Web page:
I went to a SharePoint conference in Dallas last week, and learned something that might be helpful for the jobseeker.
There was a lot of stuff that was handed to me during the day as I passed the vendors’ booths – tchachkes, business cards, one-sheet advertisements for their services. But one vendor got it right…
One service provider provided a document with instructions on how to configure one of the services in SharePoint. This information is useful, and I’ll be referring to it in the future.
The company’s business information is also on the page, so by saving the page, I’ll be saving their contact info attached to relevant information about what their company does.
Business cards? If I don’t see a particular benefit to holding the card (if what they do isn’t clear, or what they do isn’t what I need right now or on the horizon), the card is going to be recycled. Same for the advertisements. The kids already have the tchachkes. But this sheet is going to stay, with the contact information of the company.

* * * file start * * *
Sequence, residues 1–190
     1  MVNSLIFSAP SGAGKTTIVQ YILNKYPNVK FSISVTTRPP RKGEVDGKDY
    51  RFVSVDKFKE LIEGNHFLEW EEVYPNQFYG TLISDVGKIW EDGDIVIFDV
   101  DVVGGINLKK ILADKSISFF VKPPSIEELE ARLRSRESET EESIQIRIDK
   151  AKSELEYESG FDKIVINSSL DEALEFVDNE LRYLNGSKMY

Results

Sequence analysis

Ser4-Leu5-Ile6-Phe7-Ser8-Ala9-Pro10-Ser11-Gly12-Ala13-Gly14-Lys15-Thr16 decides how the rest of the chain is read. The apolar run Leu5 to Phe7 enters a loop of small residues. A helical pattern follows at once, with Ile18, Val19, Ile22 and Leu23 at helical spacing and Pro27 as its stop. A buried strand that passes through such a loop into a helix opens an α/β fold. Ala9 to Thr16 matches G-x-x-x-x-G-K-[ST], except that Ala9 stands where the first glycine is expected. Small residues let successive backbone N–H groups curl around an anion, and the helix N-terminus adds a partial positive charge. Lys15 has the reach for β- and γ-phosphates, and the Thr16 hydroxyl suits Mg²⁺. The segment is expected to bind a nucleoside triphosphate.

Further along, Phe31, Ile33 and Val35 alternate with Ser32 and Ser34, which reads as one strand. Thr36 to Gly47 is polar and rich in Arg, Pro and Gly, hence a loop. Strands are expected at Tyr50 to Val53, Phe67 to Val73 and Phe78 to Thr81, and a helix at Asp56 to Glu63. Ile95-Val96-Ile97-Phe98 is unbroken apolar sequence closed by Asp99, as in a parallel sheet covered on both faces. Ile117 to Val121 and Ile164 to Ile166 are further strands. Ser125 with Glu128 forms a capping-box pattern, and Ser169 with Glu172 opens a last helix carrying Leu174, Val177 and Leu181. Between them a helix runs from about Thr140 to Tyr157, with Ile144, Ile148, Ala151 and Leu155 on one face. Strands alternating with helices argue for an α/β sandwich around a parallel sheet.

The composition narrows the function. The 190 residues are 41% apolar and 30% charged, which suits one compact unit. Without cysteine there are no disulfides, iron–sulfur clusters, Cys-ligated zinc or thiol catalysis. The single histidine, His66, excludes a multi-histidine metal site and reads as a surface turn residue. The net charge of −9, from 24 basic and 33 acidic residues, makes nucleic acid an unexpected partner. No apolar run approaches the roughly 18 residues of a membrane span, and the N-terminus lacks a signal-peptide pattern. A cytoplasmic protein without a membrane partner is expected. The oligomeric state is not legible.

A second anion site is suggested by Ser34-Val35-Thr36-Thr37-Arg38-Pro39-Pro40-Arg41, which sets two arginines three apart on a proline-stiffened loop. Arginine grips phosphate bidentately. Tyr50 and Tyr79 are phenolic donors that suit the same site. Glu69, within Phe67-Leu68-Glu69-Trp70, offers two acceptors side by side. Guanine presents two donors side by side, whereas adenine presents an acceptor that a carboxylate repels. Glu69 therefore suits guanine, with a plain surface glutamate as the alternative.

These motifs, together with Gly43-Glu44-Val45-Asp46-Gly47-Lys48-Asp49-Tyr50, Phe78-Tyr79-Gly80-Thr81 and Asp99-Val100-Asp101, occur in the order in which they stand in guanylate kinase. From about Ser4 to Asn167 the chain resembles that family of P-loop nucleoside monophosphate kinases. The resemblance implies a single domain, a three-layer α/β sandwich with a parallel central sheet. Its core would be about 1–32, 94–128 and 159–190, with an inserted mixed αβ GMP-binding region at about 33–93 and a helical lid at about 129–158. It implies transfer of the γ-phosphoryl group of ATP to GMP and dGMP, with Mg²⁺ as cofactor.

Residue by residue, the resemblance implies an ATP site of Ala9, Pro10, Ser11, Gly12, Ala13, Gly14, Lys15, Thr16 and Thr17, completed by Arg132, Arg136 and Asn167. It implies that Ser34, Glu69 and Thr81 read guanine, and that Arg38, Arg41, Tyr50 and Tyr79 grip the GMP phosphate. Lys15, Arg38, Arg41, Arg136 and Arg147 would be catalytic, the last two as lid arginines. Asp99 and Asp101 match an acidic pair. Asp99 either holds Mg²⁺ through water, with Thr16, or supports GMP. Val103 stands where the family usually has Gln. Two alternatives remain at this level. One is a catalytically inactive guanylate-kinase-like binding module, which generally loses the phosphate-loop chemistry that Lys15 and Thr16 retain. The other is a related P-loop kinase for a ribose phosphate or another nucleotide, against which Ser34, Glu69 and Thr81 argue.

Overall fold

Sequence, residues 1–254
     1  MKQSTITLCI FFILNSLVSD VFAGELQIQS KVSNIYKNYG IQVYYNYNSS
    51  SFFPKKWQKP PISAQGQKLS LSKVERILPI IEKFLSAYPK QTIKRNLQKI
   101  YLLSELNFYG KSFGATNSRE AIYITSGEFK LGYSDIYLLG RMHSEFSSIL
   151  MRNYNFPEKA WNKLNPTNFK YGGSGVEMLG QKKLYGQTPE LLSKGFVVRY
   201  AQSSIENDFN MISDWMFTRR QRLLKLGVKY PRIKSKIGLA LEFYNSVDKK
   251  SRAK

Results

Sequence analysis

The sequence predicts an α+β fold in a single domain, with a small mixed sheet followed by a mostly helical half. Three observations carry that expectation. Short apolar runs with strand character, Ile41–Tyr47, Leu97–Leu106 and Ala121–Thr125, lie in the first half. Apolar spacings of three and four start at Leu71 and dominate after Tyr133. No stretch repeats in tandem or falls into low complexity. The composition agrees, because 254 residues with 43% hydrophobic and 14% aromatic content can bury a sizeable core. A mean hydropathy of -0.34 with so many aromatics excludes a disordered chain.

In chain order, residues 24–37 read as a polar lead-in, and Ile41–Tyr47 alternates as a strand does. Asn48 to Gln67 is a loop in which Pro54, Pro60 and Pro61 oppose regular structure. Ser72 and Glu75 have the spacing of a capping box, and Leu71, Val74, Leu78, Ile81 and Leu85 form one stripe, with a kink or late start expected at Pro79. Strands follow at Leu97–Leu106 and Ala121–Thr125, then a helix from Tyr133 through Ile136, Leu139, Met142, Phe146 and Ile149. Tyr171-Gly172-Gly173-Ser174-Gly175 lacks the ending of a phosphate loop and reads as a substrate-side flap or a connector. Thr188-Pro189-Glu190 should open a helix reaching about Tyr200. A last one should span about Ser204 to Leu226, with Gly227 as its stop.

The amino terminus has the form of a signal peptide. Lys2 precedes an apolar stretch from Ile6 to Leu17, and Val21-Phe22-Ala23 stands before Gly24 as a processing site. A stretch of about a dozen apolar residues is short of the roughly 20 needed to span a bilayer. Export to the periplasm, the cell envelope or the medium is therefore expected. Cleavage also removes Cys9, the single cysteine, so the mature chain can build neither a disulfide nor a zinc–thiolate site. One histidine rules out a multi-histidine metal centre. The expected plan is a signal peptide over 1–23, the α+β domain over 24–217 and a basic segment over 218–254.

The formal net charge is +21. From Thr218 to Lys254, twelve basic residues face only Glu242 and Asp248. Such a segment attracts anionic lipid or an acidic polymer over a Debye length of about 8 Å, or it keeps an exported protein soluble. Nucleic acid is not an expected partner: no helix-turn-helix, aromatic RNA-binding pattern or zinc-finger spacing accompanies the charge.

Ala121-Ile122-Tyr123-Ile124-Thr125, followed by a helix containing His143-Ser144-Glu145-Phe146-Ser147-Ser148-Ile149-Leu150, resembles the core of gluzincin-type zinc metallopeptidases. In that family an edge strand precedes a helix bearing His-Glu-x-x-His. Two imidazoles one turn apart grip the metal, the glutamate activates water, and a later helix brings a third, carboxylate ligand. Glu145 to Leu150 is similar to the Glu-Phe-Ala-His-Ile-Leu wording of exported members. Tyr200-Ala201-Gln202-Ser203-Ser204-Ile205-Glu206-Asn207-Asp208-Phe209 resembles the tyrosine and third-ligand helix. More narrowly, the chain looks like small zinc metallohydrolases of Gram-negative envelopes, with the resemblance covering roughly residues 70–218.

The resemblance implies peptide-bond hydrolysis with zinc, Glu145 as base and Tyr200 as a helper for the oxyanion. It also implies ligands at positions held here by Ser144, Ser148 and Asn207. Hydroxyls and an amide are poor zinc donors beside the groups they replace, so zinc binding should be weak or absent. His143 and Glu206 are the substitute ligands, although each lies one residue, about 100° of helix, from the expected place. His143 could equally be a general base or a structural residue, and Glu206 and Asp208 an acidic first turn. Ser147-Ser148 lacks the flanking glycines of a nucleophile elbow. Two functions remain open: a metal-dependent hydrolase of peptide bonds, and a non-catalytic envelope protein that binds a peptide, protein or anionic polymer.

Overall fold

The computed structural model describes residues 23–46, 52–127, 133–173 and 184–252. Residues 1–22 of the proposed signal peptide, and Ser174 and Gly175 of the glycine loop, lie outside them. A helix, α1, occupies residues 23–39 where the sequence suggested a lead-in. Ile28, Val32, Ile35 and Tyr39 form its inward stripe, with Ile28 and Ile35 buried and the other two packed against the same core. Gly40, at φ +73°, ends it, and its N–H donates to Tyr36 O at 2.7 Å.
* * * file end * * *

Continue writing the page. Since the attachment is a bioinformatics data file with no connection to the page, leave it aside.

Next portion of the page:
When networking your way into a company, if you can make your contact information a part of something that the recipient will want to hold on to for its own value, then your contact information will be retained. And every time the information is referred to, your name will be there, attaching the value of the information to your name.
I admit, this is not a simple, easy matter. You have to know your target audience and their needs, to understand what might be of value to them. You have to be able to provide them that “something of value”. But if you can do that, you may have just won the lottery.
Jim Adcock is Vice President of Launch Pad Job Club, an organization in Austin, Texas, whose mission is help people who have lost their jobs to get the skills they need to land their next job, and to help them cope with the interim between jobs. Check out other career-related entries.